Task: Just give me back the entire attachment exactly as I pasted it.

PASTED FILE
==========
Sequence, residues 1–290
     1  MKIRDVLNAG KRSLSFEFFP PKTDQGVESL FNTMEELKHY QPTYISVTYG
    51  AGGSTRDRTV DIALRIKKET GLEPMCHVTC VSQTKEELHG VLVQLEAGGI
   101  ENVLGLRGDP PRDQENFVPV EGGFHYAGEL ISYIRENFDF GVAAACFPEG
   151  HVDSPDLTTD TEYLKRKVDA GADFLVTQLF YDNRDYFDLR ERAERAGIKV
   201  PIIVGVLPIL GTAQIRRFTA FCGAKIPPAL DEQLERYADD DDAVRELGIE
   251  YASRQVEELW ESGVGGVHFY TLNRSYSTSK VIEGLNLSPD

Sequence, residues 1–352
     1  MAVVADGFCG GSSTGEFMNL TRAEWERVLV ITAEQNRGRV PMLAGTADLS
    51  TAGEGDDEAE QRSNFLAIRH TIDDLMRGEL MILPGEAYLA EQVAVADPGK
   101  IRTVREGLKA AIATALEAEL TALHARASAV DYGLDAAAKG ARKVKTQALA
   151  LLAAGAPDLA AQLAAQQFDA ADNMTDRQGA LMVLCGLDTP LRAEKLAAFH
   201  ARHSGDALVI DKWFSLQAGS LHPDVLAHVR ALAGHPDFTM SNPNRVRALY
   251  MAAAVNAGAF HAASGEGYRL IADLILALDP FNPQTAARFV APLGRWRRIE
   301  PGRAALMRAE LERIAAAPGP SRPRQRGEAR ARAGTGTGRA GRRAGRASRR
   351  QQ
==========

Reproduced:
Sequence, residues 1–290
     1  MKIRDVLNAG KRSLSFEFFP PKTDQGVESL FNTMEELKHY QPTYISVTYG
    51  AGGSTRDRTV DIALRIKKET GLEPMCHVTC VSQTKEELHG VLVQLEAGGI
   101  ENVLGLRGDP PRDQENFVPV EGGFHYAGEL ISYIRENFDF GVAAACFPEG
   151  HVDSPDLTTD TEYLKRKVDA GADFLVTQLF YDNRDYFDLR ERAERAGIKV
   201  PIIVGVLPIL GTAQIRRFTA FCGAKIPPAL DEQLERYADD DDAVRELGIE
   251  YASRQVEELW ESGVGGVHFY TLNRSYSTSK VIEGLNLSPD

Sequence, residues 1–352
     1  MAVVADGFCG GSSTGEFMNL TRAEWERVLV ITAEQNRGRV PMLAGTADLS
    51  TAGEGDDEAE QRSNFLAIRH TIDDLMRGEL MILPGEAYLA EQVAVADPGK
   101  IRTVREGLKA AIATALEAEL TALHARASAV DYGLDAAAKG ARKVKTQALA
   151  LLAAGAPDLA AQLAAQQFDA ADNMTDRQGA LMVLCGLDTP LRAEKLAAFH
   201  ARHSGDALVI DKWFSLQAGS LHPDVLAHVR ALAGHPDFTM SNPNRVRALY
   251  MAAAVNAGAF HAASGEGYRL IADLILALDP FNPQTAARFV APLGRWRRIE
   301  PGRAALMRAE LERIAAAPGP SRPRQRGEAR ARAGTGTGRA GRRAGRASRR
   351  QQ